The administration of President Donald Trump has rushed to save the individual major medical open enrollment period for 2019, by patching the Affordable Care Act risk-adjustment program.
A federal agency, the Centers for Medicare and Medicaid Services (CMS), has developed emergency regulations that could let the ACA risk-adjustment program collect the receivables and pay the payables already in the pipeline for 2017.
CMS has also started to develop formal ACA risk-adjustment patch regulations for 2018.
What Your Peers Are Reading
The regular purchasing season for individual products for 2019 starts Nov 1. Health insurers are racing to complete their 2019 product and rate filings now.
Matt Eyles, the president of America’s Health Insurance Plans, said in a statement that the new CMS regulations could increase the odds that insurers will sell individual coverage in 2019, by providing stability and predictability for the individual market. Eyles praised CMS for working quickly to resolve the uncertainty around risk-adjustment program.
“The administration has taken an important step to ensuring more affordable coverage choices are available for all Americans, including high-need patients and those with pre-existing conditions,” Eyles said.
ACA Risk-Adjustment Program Basics
When Democrats in Congress created the Affordable Care Act, they took away most of the mechanisms health insurers once used to hold down medical claims.
To protect health insurers against the risk that some would end up with much sicker patients than others, ACA drafters included the ACA risk-adjustment program. The program affects the insurers that sell individual and small-group major medical coverage.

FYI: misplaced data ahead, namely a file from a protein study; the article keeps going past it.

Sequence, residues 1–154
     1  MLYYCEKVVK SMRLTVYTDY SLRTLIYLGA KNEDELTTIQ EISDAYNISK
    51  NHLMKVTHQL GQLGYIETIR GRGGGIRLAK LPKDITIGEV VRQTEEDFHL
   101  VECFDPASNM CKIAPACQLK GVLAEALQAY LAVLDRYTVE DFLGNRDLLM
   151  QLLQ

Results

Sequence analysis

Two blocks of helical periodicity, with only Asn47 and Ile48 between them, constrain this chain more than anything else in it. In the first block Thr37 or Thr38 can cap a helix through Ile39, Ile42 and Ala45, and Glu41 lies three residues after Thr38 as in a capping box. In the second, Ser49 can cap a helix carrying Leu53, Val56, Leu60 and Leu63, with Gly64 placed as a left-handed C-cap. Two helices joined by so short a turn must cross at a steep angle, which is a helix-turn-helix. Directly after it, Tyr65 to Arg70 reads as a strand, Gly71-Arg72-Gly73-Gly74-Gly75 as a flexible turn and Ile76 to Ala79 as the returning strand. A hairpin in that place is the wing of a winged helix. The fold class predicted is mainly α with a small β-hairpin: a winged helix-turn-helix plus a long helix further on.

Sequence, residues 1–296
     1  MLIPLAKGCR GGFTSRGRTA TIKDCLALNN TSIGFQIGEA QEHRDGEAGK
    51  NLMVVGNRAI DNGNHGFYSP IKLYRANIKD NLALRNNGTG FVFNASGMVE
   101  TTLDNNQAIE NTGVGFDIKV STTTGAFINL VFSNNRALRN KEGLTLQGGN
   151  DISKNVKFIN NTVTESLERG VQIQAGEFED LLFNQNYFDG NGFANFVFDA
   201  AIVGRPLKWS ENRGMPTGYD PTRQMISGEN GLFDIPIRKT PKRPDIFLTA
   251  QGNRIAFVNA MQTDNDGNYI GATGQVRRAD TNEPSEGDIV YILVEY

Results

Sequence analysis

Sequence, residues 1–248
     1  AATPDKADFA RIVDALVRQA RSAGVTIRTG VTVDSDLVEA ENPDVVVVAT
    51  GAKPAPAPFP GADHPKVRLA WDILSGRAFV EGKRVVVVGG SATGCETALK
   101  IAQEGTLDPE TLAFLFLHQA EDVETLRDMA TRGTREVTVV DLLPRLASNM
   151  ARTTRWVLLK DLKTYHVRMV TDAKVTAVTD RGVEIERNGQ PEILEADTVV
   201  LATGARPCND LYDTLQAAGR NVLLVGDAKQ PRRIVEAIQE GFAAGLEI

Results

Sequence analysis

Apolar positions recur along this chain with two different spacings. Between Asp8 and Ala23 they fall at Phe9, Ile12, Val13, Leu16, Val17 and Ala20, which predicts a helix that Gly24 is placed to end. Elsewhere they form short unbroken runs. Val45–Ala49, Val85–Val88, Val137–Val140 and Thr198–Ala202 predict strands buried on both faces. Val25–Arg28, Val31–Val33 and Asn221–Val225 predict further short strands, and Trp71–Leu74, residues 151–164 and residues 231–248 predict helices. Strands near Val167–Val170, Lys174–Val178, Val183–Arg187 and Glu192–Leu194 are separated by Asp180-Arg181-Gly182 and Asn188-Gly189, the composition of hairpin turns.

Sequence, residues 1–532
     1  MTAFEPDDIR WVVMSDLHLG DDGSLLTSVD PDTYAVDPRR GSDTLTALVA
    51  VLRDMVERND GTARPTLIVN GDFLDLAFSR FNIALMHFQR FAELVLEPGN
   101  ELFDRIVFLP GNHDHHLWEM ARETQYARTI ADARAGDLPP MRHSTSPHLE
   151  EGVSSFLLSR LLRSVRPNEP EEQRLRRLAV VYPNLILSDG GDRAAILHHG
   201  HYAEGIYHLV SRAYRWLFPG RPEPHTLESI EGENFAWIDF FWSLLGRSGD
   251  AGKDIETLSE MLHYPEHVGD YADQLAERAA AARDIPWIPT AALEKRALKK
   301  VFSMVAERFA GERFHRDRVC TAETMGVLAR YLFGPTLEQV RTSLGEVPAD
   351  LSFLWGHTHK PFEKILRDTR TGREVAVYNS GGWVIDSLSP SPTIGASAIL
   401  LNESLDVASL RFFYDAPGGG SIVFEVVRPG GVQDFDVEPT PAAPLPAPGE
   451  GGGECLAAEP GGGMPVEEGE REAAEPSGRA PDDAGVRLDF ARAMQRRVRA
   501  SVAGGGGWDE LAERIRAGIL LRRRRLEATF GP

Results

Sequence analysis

The ACA risk-adjustment program is based on a similar program already in use in the Medicare Advantage plan market. The program uses information about patient characteristics to give each patient a health risk score. A plan that ends up with patients with low average risk scores is supposed to send cash to the ACA risk-adjustment program managers at CMS. The program managers are supposed to pay the cash to the plans with high patient risk scores.
The insurers that have been getting large amounts of risk-adjustment cash like the program a lot better than the insurers that are paying large amounts of cash into the program.
New insurers without little information about their enrollees’ health, and insurers with unusually low premiums, say the ACA risk-adjustment program rules and formulas are unfair to new insurers with low coverage premiums.
In February, a federal judge in New Mexico agreed with a small insurer there, New Mexico Health Connections, that the effects of the program in the New Mexico market have been unfair. The judge there blocked operation of the program temporarily, and he has indicated that the case might not be resolved until after Labor Day, according to CMS officials.
CMS is taking two separate but related actions to get the ACA risk-adjustment program unstuck.